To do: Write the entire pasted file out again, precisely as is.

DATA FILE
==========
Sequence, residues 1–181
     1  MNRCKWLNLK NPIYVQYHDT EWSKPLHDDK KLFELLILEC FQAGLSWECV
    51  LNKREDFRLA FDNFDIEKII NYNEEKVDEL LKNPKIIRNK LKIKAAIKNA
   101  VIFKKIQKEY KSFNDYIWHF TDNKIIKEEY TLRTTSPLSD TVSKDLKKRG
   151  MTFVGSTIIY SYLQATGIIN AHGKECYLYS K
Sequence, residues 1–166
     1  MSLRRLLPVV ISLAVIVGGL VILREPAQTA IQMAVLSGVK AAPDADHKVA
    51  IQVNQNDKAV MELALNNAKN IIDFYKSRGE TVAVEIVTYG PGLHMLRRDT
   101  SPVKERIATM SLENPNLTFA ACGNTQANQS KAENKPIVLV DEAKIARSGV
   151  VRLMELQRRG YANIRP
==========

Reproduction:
Sequence, residues 1–181
     1  MNRCKWLNLK NPIYVQYHDT EWSKPLHDDK KLFELLILEC FQAGLSWECV
    51  LNKREDFRLA FDNFDIEKII NYNEEKVDEL LKNPKIIRNK LKIKAAIKNA
   101  VIFKKIQKEY KSFNDYIWHF TDNKIIKEEY TLRTTSPLSD TVSKDLKKRG
   151  MTFVGSTIIY SYLQATGIIN AHGKECYLYS K
Sequence, residues 1–166
     1  MSLRRLLPVV ISLAVIVGGL VILREPAQTA IQMAVLSGVK AAPDADHKVA
    51  IQVNQNDKAV MELALNNAKN IIDFYKSRGE TVAVEIVTYG PGLHMLRRDT
   101  SPVKERIATM SLENPNLTFA ACGNTQANQS KAENKPIVLV DEAKIARSGV
   151  VRLMELQRRG YANIRP